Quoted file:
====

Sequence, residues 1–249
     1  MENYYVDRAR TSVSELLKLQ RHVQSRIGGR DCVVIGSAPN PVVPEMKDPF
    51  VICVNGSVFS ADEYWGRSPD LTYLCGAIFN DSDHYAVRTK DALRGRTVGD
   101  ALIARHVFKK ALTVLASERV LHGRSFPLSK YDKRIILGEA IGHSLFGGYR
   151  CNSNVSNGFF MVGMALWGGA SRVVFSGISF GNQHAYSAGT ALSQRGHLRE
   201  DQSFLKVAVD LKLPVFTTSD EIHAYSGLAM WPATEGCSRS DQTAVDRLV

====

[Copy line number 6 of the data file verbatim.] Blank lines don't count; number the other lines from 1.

   201  DQSFLKVAVD LKLPVFTTSD EIHAYSGLAM WPATEGCSRS DQTAVDRLV